Political observers said that even if de Blasio's candidacy doesn't catch fire, he'll be able to promote his policies and potentially angle for a job in a future Democratic administration. He is barred by term limits from running for mayor again.
"If he ran a strong and credible campaign, it could enhance his stature for gaining a major appointment or becoming a significant player, particularly if a Democrat is elected president," said Michael Malbin, a professor of political science at the University at Albany.
But Matthew Dallek, an associate professor of political management at George Washington University, said a losing White House campaign wouldn't come without risks.
"If his legacy is that a crisis happened and he was off campaigning in Iowa, that's significant," Dallek said. "So yeah, there are risks."
On the campaign trail, de Blasio will be able to cite accomplishments like expanding full-day prekindergarten and curtailing police tactics that critics said were discriminatory, while presiding over continued drops in violent crime.
His central message remains fighting income inequality.
De Blasio was born Warren Wilhelm Jr. in 1961 but took his mother's family name in adulthood because, he said, his father was "largely absent from his life." The mayor has spoken about how his father, Warren Wilhelm, a veteran who lost part of his left leg in World War II, descended into alcoholism and killed himself when de Blasio was 18.
Born in New York City, de Blasio grew up in the Boston area and has provoked New York sports fans by rooting ardently for the Boston Red Sox. He graduated from New York University and earned a master's degree from Columbia University's School of International and Public Affairs.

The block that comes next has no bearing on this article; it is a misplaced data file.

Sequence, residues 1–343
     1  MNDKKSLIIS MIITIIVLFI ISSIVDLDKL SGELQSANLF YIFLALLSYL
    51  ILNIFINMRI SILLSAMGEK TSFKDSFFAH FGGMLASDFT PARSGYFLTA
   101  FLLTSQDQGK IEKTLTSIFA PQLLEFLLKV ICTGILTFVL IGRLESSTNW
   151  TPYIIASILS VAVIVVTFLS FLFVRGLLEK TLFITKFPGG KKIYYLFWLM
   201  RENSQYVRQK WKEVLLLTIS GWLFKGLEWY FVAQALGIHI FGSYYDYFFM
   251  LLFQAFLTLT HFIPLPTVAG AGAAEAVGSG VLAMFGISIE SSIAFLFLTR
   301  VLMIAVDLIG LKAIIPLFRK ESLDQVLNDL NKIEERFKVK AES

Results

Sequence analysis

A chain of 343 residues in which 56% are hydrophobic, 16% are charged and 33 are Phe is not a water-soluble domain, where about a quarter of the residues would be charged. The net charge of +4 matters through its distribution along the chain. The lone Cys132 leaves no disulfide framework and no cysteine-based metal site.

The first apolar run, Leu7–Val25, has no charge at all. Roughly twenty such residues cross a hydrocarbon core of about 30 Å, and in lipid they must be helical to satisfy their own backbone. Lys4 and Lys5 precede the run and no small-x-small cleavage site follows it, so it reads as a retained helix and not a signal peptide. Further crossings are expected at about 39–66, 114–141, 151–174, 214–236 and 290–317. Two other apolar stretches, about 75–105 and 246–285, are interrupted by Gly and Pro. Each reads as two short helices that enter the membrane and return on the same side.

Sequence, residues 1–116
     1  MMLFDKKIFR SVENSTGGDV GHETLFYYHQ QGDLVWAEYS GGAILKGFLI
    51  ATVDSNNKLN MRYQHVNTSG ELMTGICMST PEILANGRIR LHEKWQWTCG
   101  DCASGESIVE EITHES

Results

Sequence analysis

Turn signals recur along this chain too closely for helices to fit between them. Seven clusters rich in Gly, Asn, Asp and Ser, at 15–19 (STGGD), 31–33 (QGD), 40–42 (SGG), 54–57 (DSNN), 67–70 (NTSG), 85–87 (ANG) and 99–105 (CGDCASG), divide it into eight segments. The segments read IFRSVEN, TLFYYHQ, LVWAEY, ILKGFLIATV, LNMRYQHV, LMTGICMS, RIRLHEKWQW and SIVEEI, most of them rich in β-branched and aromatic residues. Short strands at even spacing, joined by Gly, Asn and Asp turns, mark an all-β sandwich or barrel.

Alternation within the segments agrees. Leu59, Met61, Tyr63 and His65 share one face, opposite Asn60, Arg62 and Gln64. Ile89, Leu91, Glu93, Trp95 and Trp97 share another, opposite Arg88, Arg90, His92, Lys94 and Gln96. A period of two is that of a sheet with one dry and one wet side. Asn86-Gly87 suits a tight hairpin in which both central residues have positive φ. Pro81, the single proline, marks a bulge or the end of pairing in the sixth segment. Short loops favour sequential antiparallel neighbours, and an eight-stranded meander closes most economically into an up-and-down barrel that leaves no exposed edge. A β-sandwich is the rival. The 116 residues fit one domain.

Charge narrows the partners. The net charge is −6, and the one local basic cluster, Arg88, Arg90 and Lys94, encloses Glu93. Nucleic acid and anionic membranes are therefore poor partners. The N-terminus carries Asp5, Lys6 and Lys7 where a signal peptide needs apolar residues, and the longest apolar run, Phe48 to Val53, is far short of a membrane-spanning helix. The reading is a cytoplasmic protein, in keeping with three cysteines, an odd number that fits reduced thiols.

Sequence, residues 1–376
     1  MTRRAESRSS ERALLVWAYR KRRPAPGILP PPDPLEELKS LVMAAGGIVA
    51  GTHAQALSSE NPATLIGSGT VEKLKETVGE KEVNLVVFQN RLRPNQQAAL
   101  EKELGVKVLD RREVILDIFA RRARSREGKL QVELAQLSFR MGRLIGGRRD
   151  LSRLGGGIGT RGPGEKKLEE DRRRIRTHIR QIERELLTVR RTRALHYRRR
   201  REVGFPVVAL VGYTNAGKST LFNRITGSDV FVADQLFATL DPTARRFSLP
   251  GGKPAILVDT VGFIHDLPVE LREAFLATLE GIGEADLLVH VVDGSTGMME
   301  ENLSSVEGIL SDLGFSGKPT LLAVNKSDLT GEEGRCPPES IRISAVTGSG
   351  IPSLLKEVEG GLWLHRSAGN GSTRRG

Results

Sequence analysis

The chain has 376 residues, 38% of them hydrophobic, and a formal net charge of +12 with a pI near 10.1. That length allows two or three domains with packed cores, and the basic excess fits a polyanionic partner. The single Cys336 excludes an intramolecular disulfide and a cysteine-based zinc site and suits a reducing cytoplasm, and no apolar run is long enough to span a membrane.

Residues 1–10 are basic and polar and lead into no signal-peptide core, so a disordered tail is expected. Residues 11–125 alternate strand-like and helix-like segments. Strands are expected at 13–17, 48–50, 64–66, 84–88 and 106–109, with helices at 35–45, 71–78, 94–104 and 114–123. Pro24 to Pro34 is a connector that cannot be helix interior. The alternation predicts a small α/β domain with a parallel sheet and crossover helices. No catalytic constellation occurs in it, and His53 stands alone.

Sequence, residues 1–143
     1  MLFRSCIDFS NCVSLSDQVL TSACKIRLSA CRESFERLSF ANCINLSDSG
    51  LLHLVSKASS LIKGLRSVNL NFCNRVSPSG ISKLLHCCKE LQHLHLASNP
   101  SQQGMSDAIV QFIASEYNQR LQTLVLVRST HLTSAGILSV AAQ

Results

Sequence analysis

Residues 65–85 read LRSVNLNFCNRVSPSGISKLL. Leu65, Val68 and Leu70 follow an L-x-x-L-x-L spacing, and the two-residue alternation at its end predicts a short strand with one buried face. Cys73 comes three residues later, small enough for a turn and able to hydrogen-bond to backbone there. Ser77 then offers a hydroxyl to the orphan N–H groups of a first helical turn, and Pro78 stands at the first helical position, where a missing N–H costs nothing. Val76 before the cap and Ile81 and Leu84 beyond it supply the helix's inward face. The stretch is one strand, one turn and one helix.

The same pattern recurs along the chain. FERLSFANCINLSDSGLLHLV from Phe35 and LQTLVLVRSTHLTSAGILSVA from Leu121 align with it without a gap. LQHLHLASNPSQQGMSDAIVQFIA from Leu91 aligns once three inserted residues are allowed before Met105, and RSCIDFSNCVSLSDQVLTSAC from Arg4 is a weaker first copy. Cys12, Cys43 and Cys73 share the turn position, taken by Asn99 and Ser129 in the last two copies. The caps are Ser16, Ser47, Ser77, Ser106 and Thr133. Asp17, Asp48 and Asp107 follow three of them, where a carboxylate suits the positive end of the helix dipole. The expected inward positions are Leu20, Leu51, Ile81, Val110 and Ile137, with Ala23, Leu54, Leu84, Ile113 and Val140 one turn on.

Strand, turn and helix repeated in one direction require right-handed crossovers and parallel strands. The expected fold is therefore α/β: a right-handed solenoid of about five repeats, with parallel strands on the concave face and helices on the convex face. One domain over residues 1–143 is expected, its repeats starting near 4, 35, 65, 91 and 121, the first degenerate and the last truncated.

De Blasio met his wife, Chirlane McCray, when they both worked for Democratic Mayor David Dinkins. They married in 1994 and have two children, Chiara and Dante.
De Blasio was elected to a local school board in his Brooklyn neighborhood in 1999 and won a City Council seat in 2001. In 2009, he was elected to the citywide position of public advocate, a job that holds little real power but comes with a bully pulpit that allowed de Blasio to build a reputation as a champion of regular citizens in a city built for the powerful.
He was not initially favored to win the 2013 race for the Democratic nomination for mayor but was helped by the implosion of rival Anthony Weiner's campaign after the disgraced former congressman was accused in a new sexting scandal.
De Blasio defeated Republican Joe Lhota by a wide margin in the 2013 general election for mayor. He won reelection in 2017, defeating Republican state Assemblywoman Nicole Malliotakis by 39 percentage points.
With his candidacy, de Blasio becomes the latest in a line of New York City mayors who have run for president. None has ever won.
John Lindsay sought the office in 1972. Rudy Giuliani ran in 2008. Michael Bloomberg flirted with a run for years before ruling it out in both the 2016 and 2020 campaigns.
Copyright 2019 The Associated Press. All rights reserved. This material may not be published, broadcast, rewritten or redistributed.